Luckily (or unluckily ? ), I keep getting opportunities to work with everything other than Angular. In my latest assignment, I have had the opportunity to work with Knockout. I have to say that I liked it and would have picked Knockout as my favorite framework if Angular did not exist.
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People keep asking these questions and probably there is a good reason for it. Humans hate choices. If there are resources out there which help them make these choices easier, they like it. So, if you havent already tried the two frameworks, here are some comparisons / differences betwen the two.
Angular and Knockout both provide DOM based templating.
Angular only supports HTML as its templating mechanism.
Knockout by default uses HTML as its templating mechanism ( which is where they both have DOM based templating ) , but Knockout also supports other string based templating engines like Handlebars etc (but I think hardly anyone uses that!).
Knockout tries to please people who are interested in Unobtrusive Stuff.. http://knockoutjs.com/documentation/unobtrusive-event-handling.html
Angular doesnt believe in it ( or the authors of angular do not make any exceptions to provide for unobtrusive cases. )
In knockout, in order to fetch data from a context that is in the parent of your current context, you need to access it using `$parent`.
In angular, context’s inherit prototypically. So, to access something from the parent context, you dont usually have to use $parent . You only need to use $parent if you have another variable with the same name defined in your current context as well.
Directives or Custom Bindings
Angular has directives. You can define custom elements, custom attributes, comments and classes.
Knockout doesnt allow you to create custom elements. You have to create all your bindings inside data-bind. ( I am not sure about this. Someone can correct me if I am wrong! ).
Angular has its own version of JQuery called JQueryLite ( smaller jquery). If you include JQuery before Angular, it will use the JQuery you loaded.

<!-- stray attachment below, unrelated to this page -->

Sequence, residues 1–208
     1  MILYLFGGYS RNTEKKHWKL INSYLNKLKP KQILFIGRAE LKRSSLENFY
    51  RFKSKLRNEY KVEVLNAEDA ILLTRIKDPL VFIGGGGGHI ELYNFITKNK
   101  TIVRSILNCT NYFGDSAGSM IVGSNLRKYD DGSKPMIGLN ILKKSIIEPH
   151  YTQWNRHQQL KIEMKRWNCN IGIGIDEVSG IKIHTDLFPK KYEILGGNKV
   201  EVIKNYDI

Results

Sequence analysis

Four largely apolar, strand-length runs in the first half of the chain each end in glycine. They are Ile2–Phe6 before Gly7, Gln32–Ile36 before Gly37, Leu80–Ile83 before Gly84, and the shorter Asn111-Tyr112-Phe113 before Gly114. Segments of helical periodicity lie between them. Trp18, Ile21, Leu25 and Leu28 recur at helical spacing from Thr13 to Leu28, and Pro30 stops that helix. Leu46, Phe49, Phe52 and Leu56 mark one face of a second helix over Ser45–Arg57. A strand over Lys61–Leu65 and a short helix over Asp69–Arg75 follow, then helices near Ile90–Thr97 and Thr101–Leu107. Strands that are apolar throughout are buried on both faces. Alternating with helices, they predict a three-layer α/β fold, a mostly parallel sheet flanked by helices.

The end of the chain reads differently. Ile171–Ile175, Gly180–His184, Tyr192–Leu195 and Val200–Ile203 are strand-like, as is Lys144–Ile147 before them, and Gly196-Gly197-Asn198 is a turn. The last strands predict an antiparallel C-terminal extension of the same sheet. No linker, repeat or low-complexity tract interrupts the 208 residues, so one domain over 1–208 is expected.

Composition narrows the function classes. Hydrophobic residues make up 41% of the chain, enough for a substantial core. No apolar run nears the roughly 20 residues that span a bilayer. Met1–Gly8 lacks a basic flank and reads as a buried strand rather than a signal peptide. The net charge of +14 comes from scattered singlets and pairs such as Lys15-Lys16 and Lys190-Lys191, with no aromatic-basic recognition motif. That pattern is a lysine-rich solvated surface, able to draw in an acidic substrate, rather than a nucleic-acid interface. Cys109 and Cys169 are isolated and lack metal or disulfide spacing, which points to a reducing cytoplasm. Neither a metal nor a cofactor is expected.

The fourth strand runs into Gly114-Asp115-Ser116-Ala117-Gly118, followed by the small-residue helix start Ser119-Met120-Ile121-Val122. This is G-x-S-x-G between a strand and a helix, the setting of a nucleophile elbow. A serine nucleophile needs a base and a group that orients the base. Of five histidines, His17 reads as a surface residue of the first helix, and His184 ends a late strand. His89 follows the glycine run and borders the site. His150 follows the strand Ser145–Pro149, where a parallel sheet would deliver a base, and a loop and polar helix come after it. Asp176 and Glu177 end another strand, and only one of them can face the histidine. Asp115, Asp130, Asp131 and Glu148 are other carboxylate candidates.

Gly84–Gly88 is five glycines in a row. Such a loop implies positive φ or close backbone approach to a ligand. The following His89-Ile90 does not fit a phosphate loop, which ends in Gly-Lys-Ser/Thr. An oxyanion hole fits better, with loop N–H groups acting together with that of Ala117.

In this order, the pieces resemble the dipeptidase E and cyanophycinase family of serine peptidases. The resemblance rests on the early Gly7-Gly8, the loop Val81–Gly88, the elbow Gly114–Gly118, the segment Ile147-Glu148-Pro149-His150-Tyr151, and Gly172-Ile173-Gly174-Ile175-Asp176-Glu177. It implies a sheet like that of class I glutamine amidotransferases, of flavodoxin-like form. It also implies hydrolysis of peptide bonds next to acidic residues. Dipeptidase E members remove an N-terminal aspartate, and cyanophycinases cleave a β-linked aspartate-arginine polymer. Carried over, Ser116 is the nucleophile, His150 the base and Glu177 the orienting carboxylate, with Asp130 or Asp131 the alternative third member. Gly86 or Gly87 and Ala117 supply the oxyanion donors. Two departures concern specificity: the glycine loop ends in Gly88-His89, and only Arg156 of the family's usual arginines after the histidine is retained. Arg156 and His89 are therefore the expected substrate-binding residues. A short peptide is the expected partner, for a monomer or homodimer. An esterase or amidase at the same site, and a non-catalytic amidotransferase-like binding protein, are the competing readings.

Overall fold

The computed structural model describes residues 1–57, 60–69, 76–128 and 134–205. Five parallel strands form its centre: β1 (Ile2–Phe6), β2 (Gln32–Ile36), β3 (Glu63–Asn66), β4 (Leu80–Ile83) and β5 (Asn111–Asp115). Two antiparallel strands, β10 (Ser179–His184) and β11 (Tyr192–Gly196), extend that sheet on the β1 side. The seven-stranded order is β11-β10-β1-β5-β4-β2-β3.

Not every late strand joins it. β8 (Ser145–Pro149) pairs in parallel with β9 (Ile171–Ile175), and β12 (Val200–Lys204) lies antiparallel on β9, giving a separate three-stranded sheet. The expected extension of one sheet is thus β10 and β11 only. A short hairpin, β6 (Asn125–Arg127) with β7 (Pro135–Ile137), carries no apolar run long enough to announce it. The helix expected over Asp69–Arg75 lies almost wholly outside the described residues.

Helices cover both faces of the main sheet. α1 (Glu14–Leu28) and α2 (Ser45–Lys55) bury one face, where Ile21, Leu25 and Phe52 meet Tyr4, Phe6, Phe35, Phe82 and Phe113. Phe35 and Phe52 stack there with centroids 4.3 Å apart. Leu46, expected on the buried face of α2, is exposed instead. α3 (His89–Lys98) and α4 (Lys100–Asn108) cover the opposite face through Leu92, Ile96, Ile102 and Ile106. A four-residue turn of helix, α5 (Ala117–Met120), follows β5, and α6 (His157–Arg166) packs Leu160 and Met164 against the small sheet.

Knockout does not depend on JQuery or create its own version of it. But, having said that, Knockout is a data-binding library. It does not have any opinions or implementations for doing Ajax or DOM querying. If you don’t include JQuery, you are free to do ajax and DOM manipulation either directly or with some other library.
Partitioning or creating new contexts
Angular has a concept of controllers which allow you to create new contexts explicitly. Angular also implicitly creates context’s when using ng-repeat, ng-switch, ng-include etc. Angular’s controllers, services and its concept of DI make it extremely easy to partition and manage large applications.
Knockout doesnt allow you to create contexts explicitly (Unless you create custom bindings). Knockout implicitly creates new contexts when using for-each etc.. This also means that Knockout has no opinion regarding the overall structure of your application. Without careful planning its easy to “mess up” your code base with Knockout.
Angular supports all new browsers and its support goes back till IE8.
Knockout supports till IE6.
Angular is a full fledged framework. It provides dependency injection, ajax, routing, cookies, promises and much more.. Angular is great for testing.
Knockout is a data-binding library. To go for a full fledged framework have a look at DurandalJS – which is a combination of Knockout, JQuery and RequireJS. Knockout was not built with testing in mind. So, it doesnt score soo many points in that department. But still, I think it wont be terrible.
Angular documentation covers pretty much everything it has. Angular is huge.. Its a shift in paradigm.. in the way of thinking itself. So, no matter how much documentation you have ( and we dont have enough ! ) you will always want more.. Certain core pieces are missing from the documentation.